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Happy Supermoon! Celebrate lunar largeness as a planetary holiday

The largest full moon of 2013 will rise this weekend. NBC's Brian Williams reports.



The biggest, brightest full moon of the year shines in the sky this weekend, which makes this the perfect time to take in the wonders of the night sky — whether or not you're swept up in the "supermoon" hype.

Some say the supermoon ranks as "one of the biggest celestial events of the year." Meanwhile, Bad Astronomy's Phil Plait says it's no big deal, and that "you'd never notice the difference" between this full moon and any other. The true message of the supermoon lies in a happy medium: It's not a monstrous moon, but it's a great excuse to moon over a monthly sight that we sometimes take for granted.


The moon itself is the same size it's been for ages, but the key is how close it'll be when it's full. Because the moon's orbit around our planet is elliptical, its precise distance varies, depending on where it is in the orbit. This time around, the moon enters its full phase at 7:32 a.m. ET Sunday, only about a half-hour after it passes the point in its orbit nearest to Earth, which is known as perigee. As a result, this full moon will look about 14 percent wider and 30 percent brighter than it does at the farthest point in its orbit.

June's full moon — which you can start looking out for Saturday night — is the headliner because it's this year's best example of a "perigee full moon." Tides will be stronger than usual, but that's nothing to get alarmed about.

The fact that this full moon takes place so soon after Friday's summer solstice adds an extra twist, according to astronomer Bob Berman. "The visual effect is to make this the lowest-down full moon of 2013," Berman said in a news release from Slooh Space Camera. "And since lower moons tend to be orange­, yellow or amber, shining as they do through more than twice as much reddening air and moisture, this lunar experience should give us a true 'honey moon' all night long. Moreover, lower moons look larger, thanks to the famous 'moon illusion.' This second moon­-enhancing effect will be more visually obvious than its actual size increase."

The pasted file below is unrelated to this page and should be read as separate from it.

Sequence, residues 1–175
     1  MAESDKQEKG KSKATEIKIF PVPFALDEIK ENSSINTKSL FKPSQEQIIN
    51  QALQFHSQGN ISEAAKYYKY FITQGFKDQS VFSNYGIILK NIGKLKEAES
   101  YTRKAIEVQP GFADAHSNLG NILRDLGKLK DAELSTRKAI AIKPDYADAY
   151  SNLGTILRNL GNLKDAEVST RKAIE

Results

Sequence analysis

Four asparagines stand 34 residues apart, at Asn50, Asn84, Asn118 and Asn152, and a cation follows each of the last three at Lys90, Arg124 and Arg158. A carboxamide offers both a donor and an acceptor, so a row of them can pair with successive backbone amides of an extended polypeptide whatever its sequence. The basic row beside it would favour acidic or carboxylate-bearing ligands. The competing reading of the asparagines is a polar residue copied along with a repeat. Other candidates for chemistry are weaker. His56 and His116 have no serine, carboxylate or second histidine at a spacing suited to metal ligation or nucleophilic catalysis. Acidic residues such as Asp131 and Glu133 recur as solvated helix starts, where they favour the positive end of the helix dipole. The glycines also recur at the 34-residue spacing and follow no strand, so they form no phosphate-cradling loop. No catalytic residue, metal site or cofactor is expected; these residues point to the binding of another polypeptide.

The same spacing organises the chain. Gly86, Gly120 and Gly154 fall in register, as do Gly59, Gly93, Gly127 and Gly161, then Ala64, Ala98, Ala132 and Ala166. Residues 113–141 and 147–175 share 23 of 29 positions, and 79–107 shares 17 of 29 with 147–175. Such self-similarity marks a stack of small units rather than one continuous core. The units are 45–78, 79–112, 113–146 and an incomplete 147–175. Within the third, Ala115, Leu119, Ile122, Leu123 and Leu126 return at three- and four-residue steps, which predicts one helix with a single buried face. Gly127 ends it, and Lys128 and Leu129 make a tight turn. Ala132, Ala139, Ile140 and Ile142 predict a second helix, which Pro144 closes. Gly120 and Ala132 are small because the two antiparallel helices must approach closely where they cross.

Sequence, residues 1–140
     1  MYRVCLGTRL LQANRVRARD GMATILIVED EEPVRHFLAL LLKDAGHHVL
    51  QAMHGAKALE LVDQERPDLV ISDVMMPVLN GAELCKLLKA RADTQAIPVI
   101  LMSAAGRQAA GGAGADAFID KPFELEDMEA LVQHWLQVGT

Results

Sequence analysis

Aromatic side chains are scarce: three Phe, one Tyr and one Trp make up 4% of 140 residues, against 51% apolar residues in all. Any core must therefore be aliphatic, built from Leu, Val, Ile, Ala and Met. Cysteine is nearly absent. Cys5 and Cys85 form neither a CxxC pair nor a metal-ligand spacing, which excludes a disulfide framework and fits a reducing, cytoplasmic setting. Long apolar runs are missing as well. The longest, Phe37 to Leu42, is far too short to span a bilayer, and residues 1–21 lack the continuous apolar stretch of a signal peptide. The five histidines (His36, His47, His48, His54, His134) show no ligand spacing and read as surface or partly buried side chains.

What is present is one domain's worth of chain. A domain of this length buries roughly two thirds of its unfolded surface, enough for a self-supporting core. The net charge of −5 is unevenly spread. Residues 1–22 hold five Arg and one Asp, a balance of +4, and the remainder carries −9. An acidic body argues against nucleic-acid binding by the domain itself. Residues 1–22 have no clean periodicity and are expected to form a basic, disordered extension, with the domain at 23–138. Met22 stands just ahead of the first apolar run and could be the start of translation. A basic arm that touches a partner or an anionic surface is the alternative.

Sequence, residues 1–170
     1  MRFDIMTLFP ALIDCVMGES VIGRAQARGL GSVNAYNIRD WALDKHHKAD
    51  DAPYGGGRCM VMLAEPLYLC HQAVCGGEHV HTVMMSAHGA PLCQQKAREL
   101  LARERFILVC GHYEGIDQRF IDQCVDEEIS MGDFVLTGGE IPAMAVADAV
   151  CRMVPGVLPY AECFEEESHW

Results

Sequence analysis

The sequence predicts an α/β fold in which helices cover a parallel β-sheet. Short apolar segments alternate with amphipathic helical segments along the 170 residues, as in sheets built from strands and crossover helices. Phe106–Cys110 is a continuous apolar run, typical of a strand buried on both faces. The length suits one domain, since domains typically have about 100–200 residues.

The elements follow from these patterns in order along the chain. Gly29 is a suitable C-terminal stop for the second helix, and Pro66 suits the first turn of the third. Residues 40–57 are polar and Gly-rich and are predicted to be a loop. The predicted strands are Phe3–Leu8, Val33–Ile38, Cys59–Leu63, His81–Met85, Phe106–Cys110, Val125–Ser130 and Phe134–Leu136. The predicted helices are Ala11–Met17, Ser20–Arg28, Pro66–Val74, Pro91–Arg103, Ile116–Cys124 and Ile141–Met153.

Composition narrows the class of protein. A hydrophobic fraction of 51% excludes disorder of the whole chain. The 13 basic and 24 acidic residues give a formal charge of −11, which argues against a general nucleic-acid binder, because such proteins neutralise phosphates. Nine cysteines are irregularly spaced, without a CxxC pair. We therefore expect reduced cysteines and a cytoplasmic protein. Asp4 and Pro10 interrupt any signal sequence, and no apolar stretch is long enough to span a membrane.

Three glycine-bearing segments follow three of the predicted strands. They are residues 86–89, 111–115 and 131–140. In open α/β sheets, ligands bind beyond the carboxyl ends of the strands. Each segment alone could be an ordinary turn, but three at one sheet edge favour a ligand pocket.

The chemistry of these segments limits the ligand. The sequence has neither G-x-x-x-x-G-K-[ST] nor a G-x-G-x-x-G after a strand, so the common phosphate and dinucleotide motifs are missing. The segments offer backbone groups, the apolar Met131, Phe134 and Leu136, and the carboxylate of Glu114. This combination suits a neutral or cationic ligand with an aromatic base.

According to the definition used by Farmer's Almanac, we're getting three supermoons this year, including one that took place on May 25 and another that's due on July 22. Neither of those quite matches up to this weekend's moon — and technically speaking, this weekend's supermoon is slightly less super than last year's. However, these differences are truly imperceptible, amounting to mere hundreds of miles one way or the other across a total distance of 221,823 miles (356,991 kilometers). For what it's worth, the 21st century's biggest super-duper-moon will be visible on Dec. 6, 2052.

Why not make each year's biggest full moon a skywatching holiday? Consider it a modern-day spin-off of Japan's traditional moon-viewing parties. If the skies are clear, get yourself outside on Saturday or Sunday to catch the show. While you're at it, make an appointment to look for the International Space Station passing overhead. If the skies aren't clear, you can still join the online crowd watching a virtual moon on the Slooh Space Camera website, starting at 9 p.m. ET Sunday. And whatever you do, give the moon a wink to honor Apollo 11's dearly departed moonwalker, Neil Armstrong.

More about the supermoon:


Alan Boyle is NBCNews.com's science editor. Connect with the Cosmic Log community by "liking" the NBC News Science Facebook page, following @b0yle on Twitter and adding the Cosmic Log page to your Google+ presence. To keep up with NBCNews.com's stories about science and space, sign up for the Tech & Science newsletter, delivered to your email in-box every weekday. You can also check out "The Case for Pluto," my book about the controversial dwarf planet and the search for new worlds.